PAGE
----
In every corner of the Earth, there’s someone using technology. Whether it is a tablet, a cellphone, or a laptop, someone is engaging with an electronic. Today’s society is driven by immediate gratification, which we achieve through instantaneous messages, live updates, and social media. Picking up an encyclopedia to read for knowledge or finding a good book to immerse oneself has become a thing of the past. Recently a popular talk show discussed the idea of not needing to know how to spell common words because spell check does it automatically. But has this progression actually been a hindrance to our cognitive health? Perhaps there is an over reliance on technology to solve what our brains once could do? The reality seems to be that cognitive skills and problem-solving have received the short end of the stick in our technological advancement, and continue to dissipate like our outdated processes. Problem-solving skills, memory, and emotion processing decline because of our technology use. It can be hoped that advocacy for using less technology and increasing physical and mental activity may rectify this well-defined problem.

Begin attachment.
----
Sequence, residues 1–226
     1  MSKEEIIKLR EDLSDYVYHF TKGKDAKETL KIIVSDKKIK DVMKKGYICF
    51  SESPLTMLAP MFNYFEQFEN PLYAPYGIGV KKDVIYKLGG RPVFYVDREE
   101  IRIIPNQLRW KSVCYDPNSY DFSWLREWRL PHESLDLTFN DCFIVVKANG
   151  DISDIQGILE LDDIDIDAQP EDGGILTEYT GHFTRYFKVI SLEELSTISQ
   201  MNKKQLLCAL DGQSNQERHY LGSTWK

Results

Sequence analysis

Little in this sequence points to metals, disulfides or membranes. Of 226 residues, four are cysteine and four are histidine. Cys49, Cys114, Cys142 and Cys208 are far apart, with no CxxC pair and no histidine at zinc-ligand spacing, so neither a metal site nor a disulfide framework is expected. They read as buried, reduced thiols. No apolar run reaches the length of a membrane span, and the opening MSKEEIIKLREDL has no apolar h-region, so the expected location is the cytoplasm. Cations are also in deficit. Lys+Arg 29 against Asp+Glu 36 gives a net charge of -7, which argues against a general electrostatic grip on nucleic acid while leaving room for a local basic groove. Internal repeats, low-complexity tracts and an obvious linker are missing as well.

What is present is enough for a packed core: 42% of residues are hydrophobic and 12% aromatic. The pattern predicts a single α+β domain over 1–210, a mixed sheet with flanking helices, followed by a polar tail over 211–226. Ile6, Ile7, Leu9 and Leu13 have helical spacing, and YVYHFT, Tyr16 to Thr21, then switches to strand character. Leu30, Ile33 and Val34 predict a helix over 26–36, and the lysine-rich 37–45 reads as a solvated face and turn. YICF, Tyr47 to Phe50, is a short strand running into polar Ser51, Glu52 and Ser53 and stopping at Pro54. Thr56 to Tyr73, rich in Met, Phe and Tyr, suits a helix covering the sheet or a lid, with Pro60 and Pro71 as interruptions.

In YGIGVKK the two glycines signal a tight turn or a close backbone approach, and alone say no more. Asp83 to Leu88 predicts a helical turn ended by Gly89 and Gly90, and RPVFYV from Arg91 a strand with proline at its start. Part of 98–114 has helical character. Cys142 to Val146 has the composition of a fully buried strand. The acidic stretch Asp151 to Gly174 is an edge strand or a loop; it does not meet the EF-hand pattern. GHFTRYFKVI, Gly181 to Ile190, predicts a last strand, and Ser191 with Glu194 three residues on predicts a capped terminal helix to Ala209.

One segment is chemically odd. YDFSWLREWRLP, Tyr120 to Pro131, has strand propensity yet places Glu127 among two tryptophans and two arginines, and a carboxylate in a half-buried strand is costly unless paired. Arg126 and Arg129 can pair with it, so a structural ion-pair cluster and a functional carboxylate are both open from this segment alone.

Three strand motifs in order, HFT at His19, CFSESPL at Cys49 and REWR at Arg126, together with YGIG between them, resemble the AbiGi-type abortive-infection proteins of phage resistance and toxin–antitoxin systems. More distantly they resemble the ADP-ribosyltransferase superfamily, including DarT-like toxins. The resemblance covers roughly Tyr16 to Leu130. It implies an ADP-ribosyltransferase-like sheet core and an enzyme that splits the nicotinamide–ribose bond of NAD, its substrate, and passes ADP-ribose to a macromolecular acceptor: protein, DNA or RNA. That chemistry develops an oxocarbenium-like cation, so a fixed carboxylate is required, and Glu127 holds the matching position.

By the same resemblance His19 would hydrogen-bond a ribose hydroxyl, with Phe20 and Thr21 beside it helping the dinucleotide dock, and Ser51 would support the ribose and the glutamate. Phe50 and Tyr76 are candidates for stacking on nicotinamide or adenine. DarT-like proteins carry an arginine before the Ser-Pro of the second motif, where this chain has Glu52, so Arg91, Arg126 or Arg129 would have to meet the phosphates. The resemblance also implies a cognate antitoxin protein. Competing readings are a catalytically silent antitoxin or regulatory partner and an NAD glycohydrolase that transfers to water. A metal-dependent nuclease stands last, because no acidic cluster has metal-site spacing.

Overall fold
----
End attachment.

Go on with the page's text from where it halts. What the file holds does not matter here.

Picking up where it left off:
One of the best features humans have is the ability to critically think. Problem-solving is commonly taught throughout all levels of schooling and mandated for most employment opportunities. It is a prerequisite for life and learning how to do it effectively can be a lifelong challenge. Thanks to technology, some problem-solving can be done immediately. Think of calculators or thermometers. It’s a wonder what people ever did before they existed. School systems have even begun to implement videos into their curriculum, with parents supporting visual learning a lot more as well. Consequently, it was also found that wiring the classroom for internet access does not enhance learning. One study analyzed the retention of lecture information and tested students who had internet access during class and those without. Those without internet access did better than those with internet access (Wolfpert, 2009). Reading develops critical thinking, reflection, induction, and imagination, yet reading has also declined in the lack couple of decades among young people (Wolfpert, 2009). Patricia Greenfield, a psychologist at UCLA found that reading for pleasure enhances thinking and engages imagination in a way that visual media does not (Wolfpert, 2009). Surely students may learn to think in more engaging ways and absolve their functional fixedness, the inability to see objects, people, or events in views outside of what is customary for them, by learning in multiple forms. It is simply a matter of finding a balance between using multiple methods of visual and audible learning.